A woman who does not perfectly reflect society’s definition of beauty, and yet still loves herself and owns what she has, is a rare and beautiful thing – specifically because society tells women that they shouldn’t do that.

A woman who unapologetically owns her quote-unquote ‘unfeminine’ traits, like ambition or assertiveness, is, again, a rare and beautiful thing.

A woman who is, quite simply, herself, regardless of what that might mean, is a rare and beautiful thing.

And the reason why am I writing this, more important than simply reminding the world that strong women are a gift, is because we need to remind the strong women in our lives that they are strong, that they are amazing, that they inspire us. We need to support our fellow women, to encourage them to continue being themselves. Because we exist in a society that sometimes seems intent on tearing them down, but if we can remind them that what they do is important, then maybe they can find the strength to continue.

As women, we need to build one another up. We need to be there for one another, to make one another better, instead of constantly trying to prove that we are better than them. On top of telling women what they should be, society has also tried to trap us in a constant cycle of competition with one another: we must be the pretty-est, the most loved, the best mother, but the truth is, we don’t need any to accept any of this. We have the option of supporting our fellow women, of helping them to become stronger. Because we all deserve to be and feel strong.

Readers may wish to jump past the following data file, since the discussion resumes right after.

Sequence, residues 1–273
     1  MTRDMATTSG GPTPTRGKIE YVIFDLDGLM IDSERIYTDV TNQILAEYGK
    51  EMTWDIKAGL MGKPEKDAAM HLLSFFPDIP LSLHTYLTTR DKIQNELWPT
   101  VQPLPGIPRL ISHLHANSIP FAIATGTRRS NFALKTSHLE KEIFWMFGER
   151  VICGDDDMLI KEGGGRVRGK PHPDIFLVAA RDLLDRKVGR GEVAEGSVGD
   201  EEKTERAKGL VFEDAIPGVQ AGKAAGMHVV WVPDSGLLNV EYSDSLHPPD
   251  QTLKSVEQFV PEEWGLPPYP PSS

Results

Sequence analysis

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Beauty and the Beast (2017) Review

The time has come. The 2017 remake to Beauty and the Beast is finally out. After months of waiting for something, anything, even just a trailer to come out, I have finally seen it.

And, to be fair, the film has some pretty big shoes to fill. The original 1991 adaption is pretty much a perfect movie, as far as I’m concerned. It’s really difficult to compete with something that has already won my heart so completely, but nonetheless, I went into this movie really, really wanting to like it. After all, there was a lot to it that was incredibly promising.